If you want to compare the benefits of LED and incandescent bulbs, this is the video to watch. You’ll find out why LED lights draw less from your battery while providing the same amount – or even more — light than the old incandescent ones. This video takes you step-by-step to quantify the amp draw…Watch Now >>
RV batteries, which run the interior lights, refrigerator, computer, and any other electrical appliance you have installed, are built to last 5-7 years, ideally. Manufacturers recommend that you remove the batteries every month and have them conditioned by a professional. This conditioning breaks up the sulfur solids and other contaminants, churning the liquid inside the…Watch Now >>
Your RV batteries have two jobs: The automotive battery to start and run the RV engine when you’re on the road, and the Deep Cycle house batteries to run the lights and appliances when you’re using your RV as a home instead of as a vehicle. In both cases, it’s clear just how important the batteries are to your RV life enjoyment. Keep up with RV battery maintenance is the simplest way to make sure you have power to make your coffee every morning, while still being able to start the motor and get you on the road when it’s time to move on.
Like many maintenance jobs, RV battery maintenance may seem like a thankless job that really isn’t needed as often as recommended, but this is one case where you get what you pay for, so to speak. Batteries terminals and connections can corrode in a matter of weeks, and a corroded connection reduces the recharging capabilities of your batteries. When batteries sit in an uncharged state they will not only provide less power, they begin to sulfate. Sulfation is the number one killer of RV batteries.
In this video, you’ll learn the simple techniques for doing a basic RV battery maintenance session. You’ll see how to remove loose corrosion powder from the outside of the battery, and what corroded posts look like when they need care. Find out what comes in a battery maintenance kit and why you need to have every item in there. You’ll see safety tips on the correct way to remove and attach battery cables, as well as hints on preventing damage from battery acid splashes. From visual inspections to using battery post protector, you’ll learn all the steps to RV battery maintenance here.Watch Now >>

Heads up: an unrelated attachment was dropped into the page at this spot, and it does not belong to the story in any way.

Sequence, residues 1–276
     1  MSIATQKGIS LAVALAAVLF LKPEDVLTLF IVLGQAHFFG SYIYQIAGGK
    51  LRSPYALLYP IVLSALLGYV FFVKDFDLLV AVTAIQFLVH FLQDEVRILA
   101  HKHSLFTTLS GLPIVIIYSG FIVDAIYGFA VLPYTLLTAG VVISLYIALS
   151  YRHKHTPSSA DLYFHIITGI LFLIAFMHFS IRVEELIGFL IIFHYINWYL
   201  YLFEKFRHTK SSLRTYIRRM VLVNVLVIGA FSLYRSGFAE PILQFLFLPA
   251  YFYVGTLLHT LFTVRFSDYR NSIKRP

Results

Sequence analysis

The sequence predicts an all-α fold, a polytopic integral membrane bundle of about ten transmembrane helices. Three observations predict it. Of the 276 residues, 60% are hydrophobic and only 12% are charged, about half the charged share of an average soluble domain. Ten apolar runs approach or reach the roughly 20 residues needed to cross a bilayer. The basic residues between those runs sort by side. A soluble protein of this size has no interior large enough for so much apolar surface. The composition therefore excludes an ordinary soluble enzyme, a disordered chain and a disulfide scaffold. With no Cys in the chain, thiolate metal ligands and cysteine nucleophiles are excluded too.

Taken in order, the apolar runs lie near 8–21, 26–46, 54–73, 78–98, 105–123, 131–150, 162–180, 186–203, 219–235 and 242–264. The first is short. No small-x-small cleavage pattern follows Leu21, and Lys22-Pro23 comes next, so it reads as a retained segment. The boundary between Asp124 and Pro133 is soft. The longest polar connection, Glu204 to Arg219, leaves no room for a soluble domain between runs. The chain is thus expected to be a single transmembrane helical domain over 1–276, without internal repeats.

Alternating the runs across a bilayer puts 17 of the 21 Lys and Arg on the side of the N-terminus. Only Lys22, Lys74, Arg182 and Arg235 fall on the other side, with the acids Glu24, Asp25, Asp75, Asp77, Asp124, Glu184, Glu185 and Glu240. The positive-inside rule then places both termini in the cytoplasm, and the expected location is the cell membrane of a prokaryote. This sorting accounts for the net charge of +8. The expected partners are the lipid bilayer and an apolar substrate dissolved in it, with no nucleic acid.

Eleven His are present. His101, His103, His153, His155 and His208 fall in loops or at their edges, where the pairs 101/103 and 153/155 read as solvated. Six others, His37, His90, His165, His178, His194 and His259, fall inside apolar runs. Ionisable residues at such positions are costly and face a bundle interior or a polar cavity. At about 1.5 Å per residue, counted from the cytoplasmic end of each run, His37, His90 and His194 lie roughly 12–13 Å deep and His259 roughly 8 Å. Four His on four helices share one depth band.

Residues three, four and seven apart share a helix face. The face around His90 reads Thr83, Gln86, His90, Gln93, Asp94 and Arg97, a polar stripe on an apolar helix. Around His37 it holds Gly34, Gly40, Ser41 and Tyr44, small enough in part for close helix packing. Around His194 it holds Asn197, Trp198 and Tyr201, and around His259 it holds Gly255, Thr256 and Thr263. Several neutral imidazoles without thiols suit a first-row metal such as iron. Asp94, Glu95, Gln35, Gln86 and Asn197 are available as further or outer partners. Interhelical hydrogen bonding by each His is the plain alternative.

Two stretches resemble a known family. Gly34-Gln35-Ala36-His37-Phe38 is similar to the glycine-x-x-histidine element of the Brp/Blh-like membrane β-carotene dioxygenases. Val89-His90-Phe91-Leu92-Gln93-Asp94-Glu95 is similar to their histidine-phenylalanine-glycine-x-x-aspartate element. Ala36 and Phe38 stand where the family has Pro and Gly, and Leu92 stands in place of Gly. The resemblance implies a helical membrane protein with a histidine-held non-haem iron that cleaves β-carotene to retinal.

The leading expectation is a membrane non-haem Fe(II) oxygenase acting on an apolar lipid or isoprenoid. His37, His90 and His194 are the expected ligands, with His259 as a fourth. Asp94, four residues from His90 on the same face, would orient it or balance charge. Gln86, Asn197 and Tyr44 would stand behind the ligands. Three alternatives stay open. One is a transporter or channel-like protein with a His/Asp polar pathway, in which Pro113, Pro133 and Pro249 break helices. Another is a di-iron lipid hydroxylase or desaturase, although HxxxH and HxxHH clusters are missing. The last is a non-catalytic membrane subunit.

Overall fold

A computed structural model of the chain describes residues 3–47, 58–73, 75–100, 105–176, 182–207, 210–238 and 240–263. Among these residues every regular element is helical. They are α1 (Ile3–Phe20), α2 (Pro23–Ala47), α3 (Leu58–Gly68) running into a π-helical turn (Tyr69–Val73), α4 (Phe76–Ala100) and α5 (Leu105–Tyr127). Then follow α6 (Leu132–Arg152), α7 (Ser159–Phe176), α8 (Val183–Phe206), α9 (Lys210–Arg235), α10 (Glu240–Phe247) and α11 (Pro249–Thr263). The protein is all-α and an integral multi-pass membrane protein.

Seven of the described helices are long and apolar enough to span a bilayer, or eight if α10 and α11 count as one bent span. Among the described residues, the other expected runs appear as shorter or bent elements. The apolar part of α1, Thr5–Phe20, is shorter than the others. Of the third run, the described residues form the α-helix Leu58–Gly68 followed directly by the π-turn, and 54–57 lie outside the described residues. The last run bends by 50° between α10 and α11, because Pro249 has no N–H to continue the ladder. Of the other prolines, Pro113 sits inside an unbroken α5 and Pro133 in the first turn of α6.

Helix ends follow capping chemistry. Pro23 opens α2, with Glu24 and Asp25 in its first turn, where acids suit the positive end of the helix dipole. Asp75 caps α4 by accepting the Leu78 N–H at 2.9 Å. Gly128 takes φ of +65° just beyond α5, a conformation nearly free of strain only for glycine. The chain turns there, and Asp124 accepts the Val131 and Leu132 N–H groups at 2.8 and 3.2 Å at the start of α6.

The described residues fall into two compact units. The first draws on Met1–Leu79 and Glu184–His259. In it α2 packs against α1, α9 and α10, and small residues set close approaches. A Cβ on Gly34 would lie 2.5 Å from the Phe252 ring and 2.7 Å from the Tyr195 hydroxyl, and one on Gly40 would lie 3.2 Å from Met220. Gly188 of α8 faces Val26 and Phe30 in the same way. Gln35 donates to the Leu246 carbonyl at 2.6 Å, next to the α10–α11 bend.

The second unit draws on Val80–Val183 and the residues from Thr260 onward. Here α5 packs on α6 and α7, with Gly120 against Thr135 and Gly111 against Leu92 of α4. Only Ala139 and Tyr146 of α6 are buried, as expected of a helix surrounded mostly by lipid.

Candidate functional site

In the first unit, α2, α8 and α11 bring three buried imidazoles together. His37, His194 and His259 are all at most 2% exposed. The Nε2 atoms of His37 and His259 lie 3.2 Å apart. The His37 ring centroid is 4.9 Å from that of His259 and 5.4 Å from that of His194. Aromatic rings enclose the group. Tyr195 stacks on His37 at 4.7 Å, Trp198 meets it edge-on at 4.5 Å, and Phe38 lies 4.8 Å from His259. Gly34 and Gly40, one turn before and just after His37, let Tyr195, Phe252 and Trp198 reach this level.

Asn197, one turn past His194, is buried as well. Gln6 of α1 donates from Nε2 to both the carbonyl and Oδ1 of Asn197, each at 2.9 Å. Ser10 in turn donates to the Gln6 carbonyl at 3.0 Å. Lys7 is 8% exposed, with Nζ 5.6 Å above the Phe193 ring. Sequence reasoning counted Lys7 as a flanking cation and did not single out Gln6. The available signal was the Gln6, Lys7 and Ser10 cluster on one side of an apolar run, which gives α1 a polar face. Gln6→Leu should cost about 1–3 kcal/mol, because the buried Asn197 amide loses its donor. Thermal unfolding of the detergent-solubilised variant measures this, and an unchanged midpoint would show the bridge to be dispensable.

Which type of light bulb do you choose when you need to replace a burned-out incandescent bulb in your RV? Older RVs had energy consuming incandescent bulbs while newer coaches have gone to halogens. Should one simply replace the bulb with the same type or upgrade to the new LED technology? And are all RV…Watch Now >>
Every RV unit has a distribution panel, which is what routes electrical power throughout the unit and includes most of the unit’s circuit breakers and fuses. The RV distribution panel can supply both 120-volt power and 12-volt battery power. Older RV distribution panel models have the distribution center and converter all in one single unit.…Watch Now >>
The typical RV will be equipped with a 30-amp RV distribution panel that has 120 volts coming into the unit. Power comes in into the RV distribution panel via the power cord or “shoreline” cord from an outside electrical supply or onboard generator. The 120-volt AC appliances are protected by residential style circuit breakers. The…Watch Now >>
It is important to have a full understanding of how different RV electrical systems operate, including the different outside electrical sources available at campgrounds. With the installation of more residential appliances, RV electrical systems need power to keep everything running smoothly. 50-amp power cords may be needed to meet the demand of RV electrical systems…Watch Now >>
A 5th wheel has its RV service center on the driver side, non-curb side, of the unit. This is where you can connect your unit up to city water, disconnect the house batteries, and fill your unit’s fresh water tanks. The RV service center has a city water connection that you can attach a hose…Watch Now >>